THE third wave of Covid-19 pandemic across the country has forced federal and provincial governments to adopt stringent measures including lockdown. For taking action against violators of restrictions placed by the government, different laws have assumed importance and have often been invoked by the administration.
In Khyber Pakhtunkhwa, a mix of old and new laws have been utilised by the provincial government and district administration to tackle the pandemic.
Among the new laws, the most important one is Khyber Pakhtunkhwa Epidemic Control and Emergency Relief Act, 2020, which was passed by the provincial assembly on July 17, 2020. This law was first introduced in form of an ordinance in May 2020.
Through this Act, seven categories of designated officers have been empowered to perform different functions under the law. These designated officers include home secretary, health secretary, elementary and secondary education secretary, director general health services, commissioner of a division, deputy commissioners and officers of district administration.
The provincial health secretary has been empowered to issue a notification, with approval of chief minister, to declare a serious and imminent infectious threat to public health in the whole or part of the province.
The Act, which is having overriding effect over any other law presently in practice in the province, also provides relief to students initially for a period of three months by introducing categories in fee concession. An educational institution charging monthly fee of more than Rs6,000 shall not charge from its students more than 80 per cent of total monthly fee whereas institutions charging up to Rs6,000 fee shall not charge more than 90 per cent of the total monthly fee.
Moreover, no educational institution shall give effect to annual increase in monthly fee during the period of relief.
The law defines potentially infectious person (PIP) as a person, who is suspected to be infected or contaminated with an infectious disease; or, is a risk that such person might spread, infect or contaminate other persons with an infectious disease; or, has arrived from or through an area affected by an infectious disease within 14 days or such other period as specified by the health secretary.
The law empowers director general health services to assign duty to all registered medical practitioners and health facilities in an area to record, communicate and treat cases of infection or contamination; or impose one or more restrictions or requirements on or in relation to persons, things or premises asking them to undergo specific medical examination, be disinfected; wear specified protective clothing; abstain from working or trading; etc.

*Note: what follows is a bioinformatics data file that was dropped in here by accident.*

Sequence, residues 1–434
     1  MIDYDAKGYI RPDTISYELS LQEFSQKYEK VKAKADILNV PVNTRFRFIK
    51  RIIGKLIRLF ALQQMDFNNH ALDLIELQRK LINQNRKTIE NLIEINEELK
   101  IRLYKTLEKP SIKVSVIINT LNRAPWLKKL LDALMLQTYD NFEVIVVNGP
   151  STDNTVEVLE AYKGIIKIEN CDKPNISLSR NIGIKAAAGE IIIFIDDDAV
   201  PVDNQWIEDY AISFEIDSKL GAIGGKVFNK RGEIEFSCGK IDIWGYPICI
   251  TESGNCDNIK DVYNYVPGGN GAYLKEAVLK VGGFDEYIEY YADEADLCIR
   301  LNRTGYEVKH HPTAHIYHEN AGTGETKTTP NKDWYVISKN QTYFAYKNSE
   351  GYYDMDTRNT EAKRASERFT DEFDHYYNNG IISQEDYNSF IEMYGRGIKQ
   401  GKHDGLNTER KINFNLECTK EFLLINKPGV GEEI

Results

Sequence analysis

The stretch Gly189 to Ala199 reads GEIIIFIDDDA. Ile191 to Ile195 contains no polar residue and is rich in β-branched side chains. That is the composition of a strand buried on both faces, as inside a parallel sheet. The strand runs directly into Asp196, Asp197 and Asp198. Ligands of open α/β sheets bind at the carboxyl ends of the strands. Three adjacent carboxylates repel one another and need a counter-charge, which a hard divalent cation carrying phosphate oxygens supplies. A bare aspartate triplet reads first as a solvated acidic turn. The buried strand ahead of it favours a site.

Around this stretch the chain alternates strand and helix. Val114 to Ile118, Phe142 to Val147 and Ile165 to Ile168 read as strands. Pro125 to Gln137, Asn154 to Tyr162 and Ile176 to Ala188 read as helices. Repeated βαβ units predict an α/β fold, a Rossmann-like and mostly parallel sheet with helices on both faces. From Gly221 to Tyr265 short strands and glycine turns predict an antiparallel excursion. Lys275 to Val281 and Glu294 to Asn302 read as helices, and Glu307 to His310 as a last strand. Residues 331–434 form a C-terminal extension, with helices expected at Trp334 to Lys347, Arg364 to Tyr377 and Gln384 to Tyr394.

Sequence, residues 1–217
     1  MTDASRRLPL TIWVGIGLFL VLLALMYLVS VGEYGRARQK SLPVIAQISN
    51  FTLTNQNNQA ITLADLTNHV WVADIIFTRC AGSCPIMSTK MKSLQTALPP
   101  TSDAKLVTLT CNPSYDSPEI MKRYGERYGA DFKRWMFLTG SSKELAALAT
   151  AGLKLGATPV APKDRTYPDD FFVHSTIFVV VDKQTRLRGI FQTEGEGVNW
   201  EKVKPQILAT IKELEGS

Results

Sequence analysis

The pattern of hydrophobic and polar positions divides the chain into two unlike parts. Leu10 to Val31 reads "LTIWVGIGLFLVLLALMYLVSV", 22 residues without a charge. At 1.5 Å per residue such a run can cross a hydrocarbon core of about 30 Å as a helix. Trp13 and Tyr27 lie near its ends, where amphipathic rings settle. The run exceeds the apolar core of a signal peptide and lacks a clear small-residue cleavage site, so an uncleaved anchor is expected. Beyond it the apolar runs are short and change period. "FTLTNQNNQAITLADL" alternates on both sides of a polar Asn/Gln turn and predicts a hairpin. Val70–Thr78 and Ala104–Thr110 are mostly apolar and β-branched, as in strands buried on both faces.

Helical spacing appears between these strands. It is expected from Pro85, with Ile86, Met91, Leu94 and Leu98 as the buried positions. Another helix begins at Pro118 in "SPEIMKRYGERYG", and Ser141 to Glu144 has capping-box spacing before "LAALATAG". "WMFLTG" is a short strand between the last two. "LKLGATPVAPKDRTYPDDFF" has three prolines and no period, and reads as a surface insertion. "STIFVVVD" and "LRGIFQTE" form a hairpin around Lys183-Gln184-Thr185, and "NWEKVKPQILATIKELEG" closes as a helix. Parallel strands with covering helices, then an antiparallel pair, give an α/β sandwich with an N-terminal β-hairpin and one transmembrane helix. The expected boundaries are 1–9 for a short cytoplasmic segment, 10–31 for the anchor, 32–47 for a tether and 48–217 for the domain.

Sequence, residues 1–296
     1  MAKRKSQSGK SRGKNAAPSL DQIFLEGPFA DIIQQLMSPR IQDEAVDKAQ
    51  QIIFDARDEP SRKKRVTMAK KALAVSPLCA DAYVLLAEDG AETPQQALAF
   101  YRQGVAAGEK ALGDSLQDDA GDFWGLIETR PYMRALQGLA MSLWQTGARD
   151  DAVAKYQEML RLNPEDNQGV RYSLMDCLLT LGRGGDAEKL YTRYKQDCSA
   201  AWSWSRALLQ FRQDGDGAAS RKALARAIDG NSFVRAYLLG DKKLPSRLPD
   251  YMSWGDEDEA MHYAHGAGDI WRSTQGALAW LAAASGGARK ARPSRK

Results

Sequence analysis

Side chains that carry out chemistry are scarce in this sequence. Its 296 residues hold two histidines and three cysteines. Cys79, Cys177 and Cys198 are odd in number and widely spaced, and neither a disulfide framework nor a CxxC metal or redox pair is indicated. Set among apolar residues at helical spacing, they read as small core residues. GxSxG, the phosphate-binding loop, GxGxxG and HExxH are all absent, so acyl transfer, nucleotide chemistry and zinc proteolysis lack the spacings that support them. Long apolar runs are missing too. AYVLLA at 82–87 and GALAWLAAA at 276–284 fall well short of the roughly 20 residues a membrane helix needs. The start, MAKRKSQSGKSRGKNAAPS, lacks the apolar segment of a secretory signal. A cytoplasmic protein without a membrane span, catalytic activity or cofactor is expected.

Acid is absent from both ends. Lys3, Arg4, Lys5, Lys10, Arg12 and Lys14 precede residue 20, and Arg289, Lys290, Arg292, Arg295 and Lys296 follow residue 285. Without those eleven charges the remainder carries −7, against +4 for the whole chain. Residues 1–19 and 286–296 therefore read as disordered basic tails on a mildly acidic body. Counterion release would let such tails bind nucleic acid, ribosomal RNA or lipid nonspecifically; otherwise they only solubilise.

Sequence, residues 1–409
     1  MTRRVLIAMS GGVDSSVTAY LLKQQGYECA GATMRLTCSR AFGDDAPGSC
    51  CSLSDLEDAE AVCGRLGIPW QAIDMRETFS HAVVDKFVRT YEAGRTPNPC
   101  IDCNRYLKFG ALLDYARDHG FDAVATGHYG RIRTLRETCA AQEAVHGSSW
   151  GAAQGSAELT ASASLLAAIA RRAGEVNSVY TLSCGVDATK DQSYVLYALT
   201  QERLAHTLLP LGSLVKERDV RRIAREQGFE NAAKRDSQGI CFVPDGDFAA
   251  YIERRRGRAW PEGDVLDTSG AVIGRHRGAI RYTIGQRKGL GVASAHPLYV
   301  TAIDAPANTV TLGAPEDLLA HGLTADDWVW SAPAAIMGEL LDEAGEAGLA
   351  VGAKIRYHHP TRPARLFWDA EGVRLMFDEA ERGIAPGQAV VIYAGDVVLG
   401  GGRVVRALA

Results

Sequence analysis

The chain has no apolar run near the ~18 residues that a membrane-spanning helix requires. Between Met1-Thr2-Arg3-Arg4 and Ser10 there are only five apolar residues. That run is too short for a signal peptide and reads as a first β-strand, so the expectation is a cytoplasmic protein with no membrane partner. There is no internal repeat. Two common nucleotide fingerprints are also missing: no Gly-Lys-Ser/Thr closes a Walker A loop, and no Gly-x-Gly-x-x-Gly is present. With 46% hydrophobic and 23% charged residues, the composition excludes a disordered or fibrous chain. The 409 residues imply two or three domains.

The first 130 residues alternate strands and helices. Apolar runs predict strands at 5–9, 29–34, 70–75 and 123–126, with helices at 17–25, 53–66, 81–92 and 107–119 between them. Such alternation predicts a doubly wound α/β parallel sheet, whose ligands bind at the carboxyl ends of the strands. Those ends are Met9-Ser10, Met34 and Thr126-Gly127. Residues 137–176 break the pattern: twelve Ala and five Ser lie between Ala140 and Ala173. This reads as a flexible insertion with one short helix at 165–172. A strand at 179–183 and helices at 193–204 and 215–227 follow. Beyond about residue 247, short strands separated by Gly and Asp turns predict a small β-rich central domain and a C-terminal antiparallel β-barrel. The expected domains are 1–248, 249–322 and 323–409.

Moreover, a designated officer may for a specified period impose a specific or general restriction or requirement relating to the handling, transport, burial or cremation of dead bodies or the handling, transport or disposal of human remains; impose conditions for attending public places, etc.
The Act further empowers a designated officer to place certain restrictions in relation to holding of an event or gathering for a specified period. The officer can also issue directions for imposing different restrictions in relation to entry into, exit from a location of certain persons or premises for a specified period. He or she can also order closing or sealing of premises.
A designated officer, a notified medical officer or a police officer may give instructions to a person under the ordinance and can retain the person at a place under the law. A police officer is also empowered to use reasonable force in exercise of powers conferred under the ordinance.
A person guilty of first offence under specific provisions of the law shall be punished with imprisonment up to two months or a fine up to Rs50,000, whereas for a repeated offence he or she shall be punished up to six months or fined up to Rs100,000.
Moreover, if a person runs away or attempts to run away, while being moved to or kept at a place on order of notified medical officer, he shall be arrested and kept in a forced quarantine and he may also be liable to fine up to Rs50,000.
All offences shall be tried summarily by magistrates of first class or special magistrates appointed under section 14A of Code of Criminal Procedure.
Apart from this Act, the existing laws invoked for tackling Covid-19 pandemic include National Disaster Management Authority Act, 2010; KP Public Health (Surveillance and Response) Act, 2017; Code of Criminal Procedure specially its section 144; Pakistan Penal Code and Maintenance of Public Order Ordinance.
The NDMA Act, 2010 deals with both natural and manmade disasters.
That law defines a disaster as “a catastrophe, or a calamity in an affected area, arising from natural or man-made causes, or by accident which results in a substantial loss of life or human suffering or damage to, and destruction of, property.”
The law provides for setting up of a National Disaster Management Authority on central level and that of provincial authorities in each of the provinces. These authorities have to perform specific functions provided in the law.
The provincial assembly had passed National Disaster Management (Khyber Pakhtunkhwa) (Amendment) Act, 2019, on August 28, 2019.
Through the amendment the provincial government inserted a new section 16 (A) in the law related to declaration of emergency.
Moreover, in Oct 2017, the KP Public Health (Surveillance and Response) Act, 2017, was introduced through which The West Pakistan Epidemic Disease Act, 1958, was repealed to the extent of KP. This law provides for establishing KP Public Health Committee under the chairmanship of provincial health minister with the director public health as its secretary.
Published in Dawn, May 10th, 2021